The adventure begins the moment guests approach the ride's bold new entry portal enveloped in the sounds of roaring engines fill the air. Nearby, the coaster's queue will resemble a pre-race space where pit crews for each of the five Lego racers prepare for the competition, including interactive and hands-on elements to entertain riders in the queue.

During the ride, Bluetooth technology will sync the virtual visuals with the roller coaster's twists, turns, drops and climbs, creating an all-new experience filled with thrills, spills, surprises and humour – done in Legoland's brilliance.

The Great Lego Race can be experienced with or without the VR headset, and is suitable for children ages 6 and up.

For further information on promotions and activities, visit Legoland Malaysia Resort's official website www.Legoland.com.my and stay connected with the resort via social handles (Facebook & Twitter) to find out more.]]>
Lifestyle Sat, 14 Oct 2017 06:07:59 +0000 theSundaily 492759 at http://www.thesundaily.my
Gender is new battleground in culture wars http://www.thesundaily.my/news/2017/10/08/gender-new-battleground-culture-wars
But as the blurring of boundaries has gone from the margins to being a progressive cause, the political temperature of the debate has risen sharply.

Gender fluidity has become a hot-button issue in the culture wars between liberals and conservatives, often reduced to newspaper stories over "which bathroom somebody chooses," said Johanna Burton, curator of the exhibition "Trigger: gender as a tool and a weapon" which has just opened at New York's New Museum.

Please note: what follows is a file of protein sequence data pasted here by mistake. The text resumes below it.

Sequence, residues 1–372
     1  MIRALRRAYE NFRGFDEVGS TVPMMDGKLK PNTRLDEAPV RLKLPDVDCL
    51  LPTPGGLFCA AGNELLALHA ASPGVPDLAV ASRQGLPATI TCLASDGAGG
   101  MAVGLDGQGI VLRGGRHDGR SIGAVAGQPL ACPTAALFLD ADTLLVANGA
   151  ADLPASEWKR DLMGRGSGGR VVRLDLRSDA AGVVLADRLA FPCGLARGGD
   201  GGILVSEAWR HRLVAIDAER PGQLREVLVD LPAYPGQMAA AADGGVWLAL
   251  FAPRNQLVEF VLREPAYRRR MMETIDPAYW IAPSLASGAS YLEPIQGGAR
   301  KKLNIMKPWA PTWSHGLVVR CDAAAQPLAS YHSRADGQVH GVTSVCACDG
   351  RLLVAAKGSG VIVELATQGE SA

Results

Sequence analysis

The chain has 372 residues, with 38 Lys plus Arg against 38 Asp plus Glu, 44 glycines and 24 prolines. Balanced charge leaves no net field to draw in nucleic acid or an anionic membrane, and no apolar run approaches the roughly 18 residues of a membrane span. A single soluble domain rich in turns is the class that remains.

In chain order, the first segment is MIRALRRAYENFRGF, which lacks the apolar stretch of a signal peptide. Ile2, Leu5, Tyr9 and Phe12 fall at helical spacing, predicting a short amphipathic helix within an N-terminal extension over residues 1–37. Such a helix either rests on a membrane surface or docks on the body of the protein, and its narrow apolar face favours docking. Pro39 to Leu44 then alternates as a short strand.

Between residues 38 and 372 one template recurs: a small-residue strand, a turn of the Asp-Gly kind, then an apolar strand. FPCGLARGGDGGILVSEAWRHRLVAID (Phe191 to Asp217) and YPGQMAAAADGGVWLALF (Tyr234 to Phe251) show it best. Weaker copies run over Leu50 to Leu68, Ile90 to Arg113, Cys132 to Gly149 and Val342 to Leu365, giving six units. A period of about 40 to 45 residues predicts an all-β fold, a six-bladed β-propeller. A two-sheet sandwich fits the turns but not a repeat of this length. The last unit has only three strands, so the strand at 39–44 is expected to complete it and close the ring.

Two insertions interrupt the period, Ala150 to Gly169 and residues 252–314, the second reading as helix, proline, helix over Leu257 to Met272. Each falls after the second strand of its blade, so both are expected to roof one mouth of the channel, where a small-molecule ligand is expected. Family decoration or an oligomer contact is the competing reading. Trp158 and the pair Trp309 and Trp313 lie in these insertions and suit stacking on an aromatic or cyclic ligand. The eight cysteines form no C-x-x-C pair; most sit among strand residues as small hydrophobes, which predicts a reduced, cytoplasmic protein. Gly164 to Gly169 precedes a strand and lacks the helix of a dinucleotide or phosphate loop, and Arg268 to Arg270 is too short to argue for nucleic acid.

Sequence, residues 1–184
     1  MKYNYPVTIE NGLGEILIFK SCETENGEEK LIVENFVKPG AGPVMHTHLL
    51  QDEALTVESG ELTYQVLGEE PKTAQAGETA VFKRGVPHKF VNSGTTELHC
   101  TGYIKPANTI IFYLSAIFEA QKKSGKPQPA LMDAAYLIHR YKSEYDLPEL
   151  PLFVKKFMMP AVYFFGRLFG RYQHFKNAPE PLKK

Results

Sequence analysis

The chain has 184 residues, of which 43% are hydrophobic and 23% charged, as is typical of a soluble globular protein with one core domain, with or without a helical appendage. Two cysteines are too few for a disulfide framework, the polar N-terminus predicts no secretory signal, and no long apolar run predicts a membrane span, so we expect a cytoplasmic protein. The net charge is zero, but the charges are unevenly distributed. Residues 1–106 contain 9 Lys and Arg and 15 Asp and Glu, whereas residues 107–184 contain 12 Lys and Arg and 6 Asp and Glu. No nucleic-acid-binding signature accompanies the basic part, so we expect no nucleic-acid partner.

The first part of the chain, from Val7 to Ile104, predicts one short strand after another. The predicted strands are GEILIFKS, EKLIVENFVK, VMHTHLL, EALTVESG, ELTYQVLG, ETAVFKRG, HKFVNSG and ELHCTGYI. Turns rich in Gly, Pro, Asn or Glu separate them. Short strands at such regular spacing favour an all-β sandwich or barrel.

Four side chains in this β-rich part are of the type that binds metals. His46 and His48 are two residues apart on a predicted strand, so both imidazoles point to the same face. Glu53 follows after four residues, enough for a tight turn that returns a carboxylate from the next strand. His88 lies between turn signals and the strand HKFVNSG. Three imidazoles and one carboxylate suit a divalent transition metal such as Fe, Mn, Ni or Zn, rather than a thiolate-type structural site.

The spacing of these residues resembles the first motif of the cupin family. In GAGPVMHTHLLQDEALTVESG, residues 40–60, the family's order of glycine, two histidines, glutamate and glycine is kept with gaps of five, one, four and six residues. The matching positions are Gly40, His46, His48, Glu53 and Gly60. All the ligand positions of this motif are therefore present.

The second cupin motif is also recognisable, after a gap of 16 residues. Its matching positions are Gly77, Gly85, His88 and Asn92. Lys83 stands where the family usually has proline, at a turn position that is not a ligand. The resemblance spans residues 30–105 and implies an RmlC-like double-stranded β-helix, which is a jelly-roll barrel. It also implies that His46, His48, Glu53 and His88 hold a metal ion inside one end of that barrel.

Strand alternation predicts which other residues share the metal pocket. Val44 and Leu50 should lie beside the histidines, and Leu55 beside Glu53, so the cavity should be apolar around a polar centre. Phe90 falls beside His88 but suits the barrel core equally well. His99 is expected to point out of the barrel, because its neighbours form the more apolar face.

"It is very much an exciting moment, but also a scary moment politically ... Gender is in the forefront of people's thoughts right now," she added.

"I think people have considered the limits of the binary construction of gender for a very long time, but only recently has it made the newspapers every day."

No one has put gender issues out there more than Bruce Jenner, the former decathlete and erstwhile member of the Kardashian clan, whose transition to becoming Caitlyn in 2015 pushed the subject into the mainstream.

Time and National Geographic magazines have both devoted their covers to the transgender debate.

And later this month Conde Nast, the publishers of GQ, Vogue and Vanity Fair, will launch a new glossy magazine aimed at LBGTQ people (lesbian, bisexual, gay, transgender and questioning).

Transgender stars

Hollywood too has played a part.

First the Wachowski brothers, creators of The Matrix movie franchise, became the Wachowski sisters and then they cast transgender actress Jamie Clayton as a hacker in their hit Netflix series Sense8.

One of the first places trans issues stepped out of the shadows was on stage. And next year's Avignon festival in France, the world's biggest theatre gathering, will be on the theme of "gender, trans identity and transsexuality".